A cover photo note: As the magazine did with a couple other covers (such as its first Alien cover), the photo on the cover has been artificially extended to reach the top of the cover; however, unlike past such covers where the top of the cover was black, so the dividing line between the original cover and the filler background is hard to find, this time there's quite a sharp distinction -- just look about midway down the "R" and the "L" in the magazine's logo. Tsk, tsk. In staff news, Ira Friedman is no longer listed as one of the publishers, and Rita Eisenstein's name take its place beneath Norman Jacobs' and Kerry O'Quinn's at the top of the masthead. On the merchandising front, Starlog announces its second calendar, this one, like the first in 1980, is devoted to space art; also, the first edition of The Best of Starlog is advertised on page 48.
76 pages (including covers)
Cover price: 2.25
For someone who fell so deeply in love with Star Wars: A New Hope, David Gerrold sure finds a lot to pick apart in its sequel, The Empire Strikes Back. But a good critic's job is to not worry about being contrarian, and even to leap at the opportunity when it presents itself. (Still, just between you and me, Empire is better than New Hope, right?)
Kerry O'Quinn kicks off the magazine with his introduction of a bit of Ayn Rand into his From the Bridge column; Communications letters include a statement from Starlog's publishers (that had been read to the audience of a June 22 event of the Academy of Science Fiction, Fantasy and Horror) remembering the late producer George Pal, plus reader reactions to Empire Strikes Back, and more; Log Entries short news items include an update on Carl Sagan's Cosmos, info on Doctor Who's robot dog K9, Gil Gerard's appearance to support the Special Olympics, and more.
David Hutchison pens the cover story ("One Step Closer: CE3K: The Special Edition"); David Gerrold shares his problems with The Empire Strikes Back in his Rumblings column ("The Empire Strikes Out"); Karen E. Willson interviews De Forest Kelley, Star Trek's "Bones" McCoy; Gerry Anderson's Space Report excerpts the Space: 1999 writer's guide; Jim Wynorski, before he became a low-budget filmmaker, wrote articles for Starlog and Fangoria -- here he talks with Bill Malone and Bob Short about their horror film Scared to Death; Samuel J. Maronie interviews Tim O'Connor, who portrays Dr. Huer on Buck Rogers in the 25th Century; David Hirsch compiles an episode guide to Buck Rogers' first (1979-1980) season; Susan Adamo previews the SF spoof Galaxina, speaking with director/screenwriter William Sachs; Quest prints model designs from Australian SF fan J.T. Millett; Karen E. Willson's multi-part making-of series on the Buck Rogers episode "The Flight of the War Witch" continues; Samuel J. Maronie provides a retrospective of the work of George Pal; C.M. Stevenson previews Ray Harryhausen's Clash of the Titans; Alan Brender interviews artist David Mattingly and shows off some of Mattingly's great paintings; Bjo Trimble's Fan Scene relates the visits of some foreign fans; David Houston's Visions (though it's not bylined this issue, I'm guessing that he wrote it) covers pre-Star Wars film scores; and Howard Zimmerman's Lastword complains about the lack of quality SF productions.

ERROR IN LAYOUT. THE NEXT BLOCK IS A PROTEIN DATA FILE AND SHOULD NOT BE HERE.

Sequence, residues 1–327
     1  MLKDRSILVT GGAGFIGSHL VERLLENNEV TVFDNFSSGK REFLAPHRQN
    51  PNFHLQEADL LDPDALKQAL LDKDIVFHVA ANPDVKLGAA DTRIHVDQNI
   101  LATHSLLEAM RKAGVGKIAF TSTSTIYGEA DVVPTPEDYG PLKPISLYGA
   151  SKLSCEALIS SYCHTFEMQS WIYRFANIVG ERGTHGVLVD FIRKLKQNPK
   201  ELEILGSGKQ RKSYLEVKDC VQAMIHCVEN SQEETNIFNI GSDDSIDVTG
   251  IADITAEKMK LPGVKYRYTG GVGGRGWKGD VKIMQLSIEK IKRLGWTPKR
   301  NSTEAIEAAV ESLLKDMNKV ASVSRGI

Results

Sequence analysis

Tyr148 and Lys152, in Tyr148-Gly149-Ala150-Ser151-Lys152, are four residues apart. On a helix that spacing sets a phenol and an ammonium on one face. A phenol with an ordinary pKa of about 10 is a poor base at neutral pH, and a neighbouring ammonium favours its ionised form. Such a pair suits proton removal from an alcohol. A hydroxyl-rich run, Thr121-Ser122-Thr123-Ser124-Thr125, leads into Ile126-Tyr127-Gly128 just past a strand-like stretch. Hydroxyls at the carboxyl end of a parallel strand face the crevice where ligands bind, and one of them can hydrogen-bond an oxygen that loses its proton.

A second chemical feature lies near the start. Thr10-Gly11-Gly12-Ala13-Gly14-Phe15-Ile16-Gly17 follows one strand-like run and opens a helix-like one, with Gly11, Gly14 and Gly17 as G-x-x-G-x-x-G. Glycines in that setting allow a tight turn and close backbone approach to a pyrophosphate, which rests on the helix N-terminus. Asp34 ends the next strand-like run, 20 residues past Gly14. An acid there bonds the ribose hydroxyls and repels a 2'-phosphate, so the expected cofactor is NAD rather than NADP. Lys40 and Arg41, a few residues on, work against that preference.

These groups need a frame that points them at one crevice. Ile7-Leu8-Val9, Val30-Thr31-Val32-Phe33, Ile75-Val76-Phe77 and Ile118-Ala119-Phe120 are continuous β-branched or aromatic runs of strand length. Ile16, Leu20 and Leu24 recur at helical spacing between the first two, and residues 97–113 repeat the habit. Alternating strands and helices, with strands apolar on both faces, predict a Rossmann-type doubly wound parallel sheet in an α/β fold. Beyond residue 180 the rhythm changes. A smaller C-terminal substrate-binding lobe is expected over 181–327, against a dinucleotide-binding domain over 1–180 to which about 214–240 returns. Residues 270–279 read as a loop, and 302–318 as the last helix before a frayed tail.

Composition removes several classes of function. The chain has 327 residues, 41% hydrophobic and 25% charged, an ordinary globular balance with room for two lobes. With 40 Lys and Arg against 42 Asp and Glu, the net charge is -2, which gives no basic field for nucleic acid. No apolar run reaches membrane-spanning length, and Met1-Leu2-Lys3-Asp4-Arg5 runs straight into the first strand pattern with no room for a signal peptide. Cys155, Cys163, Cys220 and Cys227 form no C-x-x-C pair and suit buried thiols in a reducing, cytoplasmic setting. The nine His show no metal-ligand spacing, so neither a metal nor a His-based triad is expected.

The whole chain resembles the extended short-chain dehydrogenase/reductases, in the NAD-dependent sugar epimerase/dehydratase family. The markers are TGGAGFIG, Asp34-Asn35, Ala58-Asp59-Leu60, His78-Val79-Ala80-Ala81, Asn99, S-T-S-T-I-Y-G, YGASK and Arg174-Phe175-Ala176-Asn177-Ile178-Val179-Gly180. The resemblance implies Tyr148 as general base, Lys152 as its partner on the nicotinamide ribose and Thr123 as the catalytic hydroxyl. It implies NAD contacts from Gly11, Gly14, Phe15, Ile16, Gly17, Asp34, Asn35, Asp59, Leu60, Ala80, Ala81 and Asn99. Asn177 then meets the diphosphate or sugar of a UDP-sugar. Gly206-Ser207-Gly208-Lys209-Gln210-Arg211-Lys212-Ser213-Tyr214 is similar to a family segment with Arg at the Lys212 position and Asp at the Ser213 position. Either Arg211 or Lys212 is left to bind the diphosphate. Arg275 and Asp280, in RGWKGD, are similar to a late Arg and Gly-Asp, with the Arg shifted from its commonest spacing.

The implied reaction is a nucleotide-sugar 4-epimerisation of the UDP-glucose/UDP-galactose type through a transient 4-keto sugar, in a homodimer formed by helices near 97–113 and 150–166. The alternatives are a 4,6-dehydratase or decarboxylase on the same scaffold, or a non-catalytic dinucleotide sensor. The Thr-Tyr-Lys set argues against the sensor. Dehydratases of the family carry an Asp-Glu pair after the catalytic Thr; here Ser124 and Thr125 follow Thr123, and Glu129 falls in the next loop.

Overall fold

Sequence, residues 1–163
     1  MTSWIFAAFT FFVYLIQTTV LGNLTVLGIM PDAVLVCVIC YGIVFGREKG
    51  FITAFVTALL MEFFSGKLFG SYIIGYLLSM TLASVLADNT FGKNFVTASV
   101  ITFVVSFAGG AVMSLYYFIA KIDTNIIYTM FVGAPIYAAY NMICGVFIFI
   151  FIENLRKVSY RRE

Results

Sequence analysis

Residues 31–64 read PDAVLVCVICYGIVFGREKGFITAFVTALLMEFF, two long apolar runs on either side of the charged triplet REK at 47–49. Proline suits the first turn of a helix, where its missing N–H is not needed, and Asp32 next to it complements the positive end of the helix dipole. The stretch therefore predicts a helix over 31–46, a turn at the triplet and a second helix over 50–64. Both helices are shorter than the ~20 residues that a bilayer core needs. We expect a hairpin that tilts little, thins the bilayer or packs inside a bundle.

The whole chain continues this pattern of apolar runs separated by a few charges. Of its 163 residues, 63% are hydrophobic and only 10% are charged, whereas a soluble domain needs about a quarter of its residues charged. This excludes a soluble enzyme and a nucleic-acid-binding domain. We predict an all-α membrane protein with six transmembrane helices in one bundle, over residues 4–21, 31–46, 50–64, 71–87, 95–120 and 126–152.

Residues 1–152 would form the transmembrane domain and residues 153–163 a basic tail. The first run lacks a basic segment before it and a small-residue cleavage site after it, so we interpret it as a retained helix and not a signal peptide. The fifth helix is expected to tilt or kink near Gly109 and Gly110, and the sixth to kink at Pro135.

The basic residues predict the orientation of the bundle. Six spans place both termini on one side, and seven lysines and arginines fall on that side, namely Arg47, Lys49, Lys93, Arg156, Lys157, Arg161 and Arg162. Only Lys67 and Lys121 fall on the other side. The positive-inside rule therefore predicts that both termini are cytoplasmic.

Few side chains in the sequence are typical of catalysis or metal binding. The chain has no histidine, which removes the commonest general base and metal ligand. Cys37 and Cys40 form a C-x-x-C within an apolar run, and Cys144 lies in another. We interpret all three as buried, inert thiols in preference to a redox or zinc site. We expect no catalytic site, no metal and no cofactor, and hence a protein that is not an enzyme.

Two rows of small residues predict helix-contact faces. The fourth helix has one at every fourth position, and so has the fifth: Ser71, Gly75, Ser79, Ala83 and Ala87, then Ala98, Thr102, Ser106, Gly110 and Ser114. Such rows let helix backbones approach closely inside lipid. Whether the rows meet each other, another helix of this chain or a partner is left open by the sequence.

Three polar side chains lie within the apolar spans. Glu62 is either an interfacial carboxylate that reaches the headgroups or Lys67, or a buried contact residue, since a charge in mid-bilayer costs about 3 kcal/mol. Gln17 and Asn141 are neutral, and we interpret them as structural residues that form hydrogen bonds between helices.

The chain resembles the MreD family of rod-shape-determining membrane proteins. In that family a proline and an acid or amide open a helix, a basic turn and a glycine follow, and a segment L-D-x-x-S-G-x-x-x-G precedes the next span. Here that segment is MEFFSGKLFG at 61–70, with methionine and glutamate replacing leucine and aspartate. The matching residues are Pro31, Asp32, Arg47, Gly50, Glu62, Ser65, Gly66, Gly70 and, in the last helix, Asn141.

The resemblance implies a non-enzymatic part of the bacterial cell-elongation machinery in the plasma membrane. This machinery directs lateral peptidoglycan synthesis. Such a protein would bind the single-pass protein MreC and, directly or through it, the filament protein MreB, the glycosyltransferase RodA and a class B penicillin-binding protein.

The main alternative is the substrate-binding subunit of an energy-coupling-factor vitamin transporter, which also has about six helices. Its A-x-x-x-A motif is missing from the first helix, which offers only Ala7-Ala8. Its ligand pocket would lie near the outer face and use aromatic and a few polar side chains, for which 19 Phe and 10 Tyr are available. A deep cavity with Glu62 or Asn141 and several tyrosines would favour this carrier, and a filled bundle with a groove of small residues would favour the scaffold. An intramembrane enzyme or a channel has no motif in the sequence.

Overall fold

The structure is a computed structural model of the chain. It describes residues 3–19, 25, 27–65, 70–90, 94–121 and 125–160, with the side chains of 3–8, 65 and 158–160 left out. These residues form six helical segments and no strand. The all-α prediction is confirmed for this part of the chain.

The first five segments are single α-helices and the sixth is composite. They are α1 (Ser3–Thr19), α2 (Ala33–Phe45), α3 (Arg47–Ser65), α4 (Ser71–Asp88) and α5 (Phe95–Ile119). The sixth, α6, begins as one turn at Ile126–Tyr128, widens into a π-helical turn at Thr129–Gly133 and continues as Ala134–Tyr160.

"Even after Star Trek was cancelled, NBC made so much money from the syndication that they referred to the show as the '79 jewels.' It's a show that never really let go of any of us. And I don't know if it ever will."
--De Forest Kelley, actor, interviewed by Karen E. Willson: "A Candid Conversation with a 'Simple Country Doctor': De Forest Kelley"To view previous Starlog issue descriptions, click on "Starlog Internet Archive Project" in the keywords below.